Labrador retriever running an obstacle course. Can dog intelligence shed light on human intelligence? (source)
My last post described a Chinese project to identify the many genes that contribute to normal variation in human intelligence. If successful, it will simply demonstrate what we already know, i.e., genes are largely responsible for the differences in intelligence we see among normal individuals.
We know this from intelligence testing, particularly from studies on IQ differences between twins. This evidence, however, has been largely discredited in the eyes of many people, particularly those who act as gatekeepers in the halls of academia. As one scholar told me:
A key problem is funding. Intellectuals on today’s review panels ‘came to consciousness’ in a climate when intelligence testing was thought to be wrong and invalid. Very few scientists are open to new ideas […] So it often takes a generational turn-over before there is a swing back to a fresh look at intelligence.
I doubt things will change much when the old guard dies off. In some ways, the academic environment was more open-minded two decades ago, when there were still people, often in key positions, who had entered academia before the 1960s. Change will probably come when new evidence manages to bypass the gatekeepers, and this will most likely happen where the marketplace of ideas is less controlled, like in China. Yes, the same country we like to scold for not being sufficiently free and democratic.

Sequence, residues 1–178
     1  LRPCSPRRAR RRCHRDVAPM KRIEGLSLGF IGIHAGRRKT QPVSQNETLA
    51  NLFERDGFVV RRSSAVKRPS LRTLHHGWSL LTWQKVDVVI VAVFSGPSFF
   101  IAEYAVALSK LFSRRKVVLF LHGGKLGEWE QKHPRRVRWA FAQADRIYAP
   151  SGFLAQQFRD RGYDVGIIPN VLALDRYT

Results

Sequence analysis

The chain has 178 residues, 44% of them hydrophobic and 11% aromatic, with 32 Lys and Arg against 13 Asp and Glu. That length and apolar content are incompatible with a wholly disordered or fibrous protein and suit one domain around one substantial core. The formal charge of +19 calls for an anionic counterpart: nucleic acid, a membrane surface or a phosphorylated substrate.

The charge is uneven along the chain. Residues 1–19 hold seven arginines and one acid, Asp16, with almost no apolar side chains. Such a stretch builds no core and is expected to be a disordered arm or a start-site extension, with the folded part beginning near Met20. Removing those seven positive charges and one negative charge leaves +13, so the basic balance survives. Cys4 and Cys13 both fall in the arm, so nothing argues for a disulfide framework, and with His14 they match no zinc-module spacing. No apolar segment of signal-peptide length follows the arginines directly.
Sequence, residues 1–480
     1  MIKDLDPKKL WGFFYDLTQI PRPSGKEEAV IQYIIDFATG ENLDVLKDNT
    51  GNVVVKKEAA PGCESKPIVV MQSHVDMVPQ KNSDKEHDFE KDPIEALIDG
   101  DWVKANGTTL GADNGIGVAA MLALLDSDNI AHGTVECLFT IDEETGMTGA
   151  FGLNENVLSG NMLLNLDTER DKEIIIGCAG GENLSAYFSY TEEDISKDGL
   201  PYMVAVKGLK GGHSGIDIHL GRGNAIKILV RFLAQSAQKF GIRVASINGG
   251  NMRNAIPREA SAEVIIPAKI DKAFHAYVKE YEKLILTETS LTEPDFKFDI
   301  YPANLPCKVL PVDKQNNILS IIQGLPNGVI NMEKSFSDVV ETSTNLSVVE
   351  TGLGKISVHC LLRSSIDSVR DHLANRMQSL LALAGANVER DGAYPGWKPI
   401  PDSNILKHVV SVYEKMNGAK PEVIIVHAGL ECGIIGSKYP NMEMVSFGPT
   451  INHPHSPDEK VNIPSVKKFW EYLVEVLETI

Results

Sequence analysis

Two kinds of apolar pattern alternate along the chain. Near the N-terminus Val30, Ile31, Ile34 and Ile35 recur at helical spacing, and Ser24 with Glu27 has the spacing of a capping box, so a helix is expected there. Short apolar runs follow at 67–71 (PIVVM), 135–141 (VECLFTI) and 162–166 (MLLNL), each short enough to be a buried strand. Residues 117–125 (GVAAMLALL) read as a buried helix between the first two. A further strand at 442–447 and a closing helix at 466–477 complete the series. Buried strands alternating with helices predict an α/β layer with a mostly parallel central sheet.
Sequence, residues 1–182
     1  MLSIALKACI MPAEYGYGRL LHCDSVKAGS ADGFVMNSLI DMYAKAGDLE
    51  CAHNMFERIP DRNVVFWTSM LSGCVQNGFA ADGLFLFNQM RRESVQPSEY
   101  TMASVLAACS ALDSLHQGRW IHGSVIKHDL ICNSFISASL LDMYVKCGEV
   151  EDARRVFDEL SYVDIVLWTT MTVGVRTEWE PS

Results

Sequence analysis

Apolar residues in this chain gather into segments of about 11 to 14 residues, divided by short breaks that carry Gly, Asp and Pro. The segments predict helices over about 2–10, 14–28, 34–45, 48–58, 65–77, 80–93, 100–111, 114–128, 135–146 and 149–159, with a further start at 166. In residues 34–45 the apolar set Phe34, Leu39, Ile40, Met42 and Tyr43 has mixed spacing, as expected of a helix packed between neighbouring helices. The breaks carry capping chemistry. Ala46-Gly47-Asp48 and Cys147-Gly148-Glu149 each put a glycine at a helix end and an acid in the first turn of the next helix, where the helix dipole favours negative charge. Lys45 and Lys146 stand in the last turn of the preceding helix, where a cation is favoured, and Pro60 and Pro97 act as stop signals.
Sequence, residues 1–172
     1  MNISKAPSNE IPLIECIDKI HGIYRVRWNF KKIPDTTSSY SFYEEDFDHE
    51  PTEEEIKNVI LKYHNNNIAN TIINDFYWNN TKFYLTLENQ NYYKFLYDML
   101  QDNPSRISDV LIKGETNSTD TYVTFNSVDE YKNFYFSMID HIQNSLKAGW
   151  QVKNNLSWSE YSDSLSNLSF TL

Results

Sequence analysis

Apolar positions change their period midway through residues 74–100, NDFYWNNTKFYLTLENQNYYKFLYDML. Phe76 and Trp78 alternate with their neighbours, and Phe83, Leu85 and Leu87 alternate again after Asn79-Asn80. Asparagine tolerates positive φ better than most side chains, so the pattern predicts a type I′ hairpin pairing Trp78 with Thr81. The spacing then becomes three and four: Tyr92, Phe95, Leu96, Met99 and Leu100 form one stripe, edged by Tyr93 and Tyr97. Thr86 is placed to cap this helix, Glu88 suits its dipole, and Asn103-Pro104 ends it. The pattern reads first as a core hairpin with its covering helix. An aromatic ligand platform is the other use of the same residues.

What other new evidence could bring change? This question led me to ask the h-bd discussion list: “If you had access to sufficient funding, equipment, and trained personnel, what kind of research project would you like to do or see done?”
A behavioral geneticist suggested the following projects:
1) Investigate individual differences in cognitive abilities in other animal models. a) create a reliable scale. b) establish whether a g factor emerges in other mammals. c) find out the correlates of such a g factor (phenotypic and genetic)- which would be uncontaminated by SES and therefore lay to rest many controversies that arise in humans studies. [Disclaimer, I have started on this with dogs (60 dogs, all one breed, all farm living and am actively seeking funding to continue the project].
2) Investigate the correlates (particularly fitness-relevant correlates of intelligence in populations of hunter-gatherers. Not to examine mean differences between populations – but to test evolutionary hypotheses. Is intelligence associated with offspring number? Social status? Health? Life expectancy? We do not know the fitness optima for intelligence in any human population.
As for myself, I would want to determine whether the Visual Word Form Area is a product of nature or nurture. This could be done by following the same methodology that Zhu et al. (2009) used to prove that our ability to recognize faces is largely hardwired. If the same is true, or even partly true, for our ability to recognize strings of letters, i.e., words, we would have a compelling argument for gene-culture co-evolution.
I would also want to see whether Tay-Sachs carriers, i.e., heterozygotes, really do have a higher mean intelligence than people without this allele (Frost, 2011). Such a study would be a cinch to do, yet no one has bothered. How come?
Finally, as with hbd* chick, my eyes glaze over when discussion focuses too long on IQ or SAT scores. We need to go beyond intelligence and look at genetic differences that may underlie variation in personality traits, regulation of emotions, time orientation, and so forth. There is more to being human than just intelligence.
Frost, P. (2011) Five years later … still no study, February 4, Evo and Proud./pfrost/five-years-later-still-no-study/
Zhu, Q., Y. Song, S. Hu, X. Li, M. Tian, Z. Zhen, Q. Dong, N. Kanwisher, and J. Liu. (2009). Heritability of the specific cognitive ability of face perception, Current Biology, 20, 137-142.